Cf Burkheimer 7115-4 Two-Hand Fly Rod Review, February 2011.
In the traditional CF Burkheimer fashion, this two hand fly rod is designated as a 6-7-8 wt. Spey rod. At 11’ 5” it is light in hand and powerful beyond what the numbers alone suggest.
I think it appropriate to ramble a bit about how I came to add a Burkheimer 7115-4 fly rod to my Spey rod line-up. Think Sandy Spey Clave, 2010, and imagine me and my son hanging out with Kerry Burkheimer, his family, and a handful of close fly fishing and rod building friends. We are sitting on the grass, chatting with folks wandering by to admire a full line of Burkheimer fly rods ranging from 3 and 4 wt. trout rods up to an 18’ Spey rod.
My mind was set on purchasing two fly rods to fish Oregon King salmon. I wanted a single hand rod and, get this, a two-hand rod adaptable to overhead casting with traditional shooting heads and a variety of weight forward taper and integrated head shooting fly lines; these are the lines I had been most accustomed to fish for Chinook in tidewater reaches of Oregon rivers.
Deciding on the single hand Burkheimer fly rod was pretty straightforward. I fish traditional shooting head and integrated fly lines in our bays and tidal reaches. Under normal conditions, fishing from my Pram, Drift Boat, or Jet sled, overhead casting is the ticket; actual Spey casting with tips is not; or I should say, has not been thus far. (I reserve the right to be arbitrary and change my mind on this at any time, thank you very much.)
Kerry makes single hand rods suitable for Chinook and about any imaginable saltwater species, a fact that many Spey rod addicts overlook or ignore. After casting several rods and discussing options, I settled on a 9’ 5” nine wt single-hand rod with DAL (Deep Loading Action). A previous review of this rod is at https://fishingwithjay.wordpress.com/2010/10/28/jay-nicholas-cf-burkheimer-salmon-fly-rod-995-4-10112010/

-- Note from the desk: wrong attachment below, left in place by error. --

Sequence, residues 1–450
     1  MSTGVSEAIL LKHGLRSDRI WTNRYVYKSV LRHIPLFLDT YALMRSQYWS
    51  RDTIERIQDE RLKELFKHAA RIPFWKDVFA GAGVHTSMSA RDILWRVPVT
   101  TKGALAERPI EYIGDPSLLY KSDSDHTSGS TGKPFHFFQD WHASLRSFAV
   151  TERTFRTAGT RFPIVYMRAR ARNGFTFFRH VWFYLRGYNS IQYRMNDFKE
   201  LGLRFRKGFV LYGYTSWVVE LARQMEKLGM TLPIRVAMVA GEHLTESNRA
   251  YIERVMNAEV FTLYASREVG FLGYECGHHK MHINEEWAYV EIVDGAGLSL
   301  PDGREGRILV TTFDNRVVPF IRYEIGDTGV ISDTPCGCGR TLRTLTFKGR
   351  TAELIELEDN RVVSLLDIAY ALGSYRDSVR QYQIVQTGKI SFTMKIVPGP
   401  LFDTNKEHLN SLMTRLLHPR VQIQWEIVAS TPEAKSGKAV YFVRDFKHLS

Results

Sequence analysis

Next task was to choose a two-hand rod for my Chinook fishing.
Here is what I wanted.
First, a two hand rod under 12’. Fishing a longer rod from a boat is possible but I have found that rods in the 9’ – 12’ range are preferable for my tastes when fighting fish from the boat and when bringing the fish close to release. Longer rods are OK, but I just feel more comfortable with a 12-footer than a 14’ rod.
Second, and this seems a small thing, I wanted a two hander with a handle proportional to the rod. Not too long, not too short, just right, as the saying goes.
Third, I wanted a two hand rod capable of loading properly overhead casting fly lines in the under 300 gr. To over 400 gr. shooting heads and integrated fly lines. I fish Airflo, Rio, and SA fly lines of both types, and many Spey rods require a lot heavier lines than I fish in order to load properly when overhead casting.
Finally, and this was almost a contradiction to condition #3 above, I wanted a Two hand rod with sufficient power in the butt section to allow firm hook setting and the ability to apply reasonable pressure to tire Kings in the 15-30 lb. class, in Oregon bays and tidewater river reaches.
I put my Spey rod wish-list to Kerry and Nate Koenigsknecht. They pondered. They looked at each other. And then they spoke. Almost simultaneously, the words sprang forth into the spring air of the Spey Clave. You want a 7115-4. That’s it. Yeah, the 7115-4 will be just the rod you’re looking for.
Ok, I said, build me a 7115-4 when you roll-up my 995-4. How’s that for decisiveness?